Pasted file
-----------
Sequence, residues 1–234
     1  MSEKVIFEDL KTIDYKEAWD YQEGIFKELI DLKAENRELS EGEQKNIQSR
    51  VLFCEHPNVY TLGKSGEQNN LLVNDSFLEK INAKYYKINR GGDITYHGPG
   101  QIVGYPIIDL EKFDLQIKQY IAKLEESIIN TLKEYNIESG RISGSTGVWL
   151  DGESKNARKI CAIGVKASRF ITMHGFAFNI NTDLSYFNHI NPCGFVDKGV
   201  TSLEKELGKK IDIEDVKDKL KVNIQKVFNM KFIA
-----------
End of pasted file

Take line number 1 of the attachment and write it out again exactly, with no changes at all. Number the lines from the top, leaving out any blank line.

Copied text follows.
Sequence, residues 1–234